Our daughter was in school and my wife had gone to work. I was standing on a ladder in my daughter’s bedroom painting her ceiling when I heard what I thought was a baby crying. I stopped and listened and heard a crying and whimpering sound, which seemed like it was coming from inside the house. I knew that I was alone, but continued to listen for a few minutes. When the sounds did not stop, I climbed down the ladder and went to the first floor, walked through the rooms, then went to the finished basement and walked through each of the rooms on that level. I found no one and went back to my ladder perch and began painting again.

The sounds returned. I listened very carefully this time and again felt that it sounded like a baby crying or someone whimpering at times. This time I walked to the first floor and walked around the outside of the house, stopping and listening to see if the sound was coming from an adjacent property. I heard nothing, so again returned to my ceiling paint job.

A few minutes later, I heard what sounded like kitchen cupboard doors opening and slamming shut. I stopped and listened again very carefully. Then I heard what sounded like the silverware drawer opening and slamming shut rather abruptly. This continued for several minutes and I was convinced someone had come home and was working in the kitchen.

I walked to the top of the staircase and listened for just a moment, and then walked down the stairs and into the kitchen expecting to see who it was. But no one was in the kitchen. I walked through the other rooms and found no one. I walked down into the basement and searched each room and also found no one. I then returned to the kitchen and inspected the drawers and cupboards. Everything was in place. No doors or drawers hanging open. I could not understand how I could have clearly heard these noises and then found no one in our home. I returned to my painting but was quickly interrupted.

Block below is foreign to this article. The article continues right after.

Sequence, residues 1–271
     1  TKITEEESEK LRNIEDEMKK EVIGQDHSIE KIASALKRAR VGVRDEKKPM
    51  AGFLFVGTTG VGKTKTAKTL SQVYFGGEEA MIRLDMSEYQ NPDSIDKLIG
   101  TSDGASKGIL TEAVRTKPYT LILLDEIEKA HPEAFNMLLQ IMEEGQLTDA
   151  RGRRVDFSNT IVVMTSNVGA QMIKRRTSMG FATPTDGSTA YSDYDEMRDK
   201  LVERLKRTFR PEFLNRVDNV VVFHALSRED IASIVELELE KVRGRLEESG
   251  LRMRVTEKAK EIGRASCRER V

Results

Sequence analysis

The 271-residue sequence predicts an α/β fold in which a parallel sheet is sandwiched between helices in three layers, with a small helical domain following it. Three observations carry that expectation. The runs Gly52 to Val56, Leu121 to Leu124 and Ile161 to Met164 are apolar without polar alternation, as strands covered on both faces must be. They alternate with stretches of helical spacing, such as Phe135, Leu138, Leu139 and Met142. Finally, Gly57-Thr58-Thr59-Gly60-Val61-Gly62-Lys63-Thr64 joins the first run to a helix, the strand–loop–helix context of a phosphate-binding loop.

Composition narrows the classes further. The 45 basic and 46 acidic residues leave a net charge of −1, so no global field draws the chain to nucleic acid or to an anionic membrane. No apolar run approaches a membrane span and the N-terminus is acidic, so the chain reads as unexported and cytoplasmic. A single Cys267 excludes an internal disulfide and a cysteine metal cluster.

The sounds in the kitchen returned, but this time with a passion. It seemed as though every kitchen cupboard door was opening and slamming shut – all at once. I could hear the silverware sliding around as the drawer slammed shut. The sounds were so loud and viscous, and now thinking about how many times I had inspected the house, a chill ran up my spine. I panicked. I ran to the top of the stairs and listened to the escalating sounds in the kitchen. I stood there for only seconds, then took every other step on my path to the foyer, pulled the front door open, pushed on the storm door, and ran onto my front porch in a sweat.

Something had just terrified me to the point of abandoning my own home. I sat down on the front steps and composed myself. It was a bright sunny day with a beautiful blue sky. I peeked into the house through a glass window in the front door that looked through the foyer and into the kitchen. I could not see anyone or anything moving around.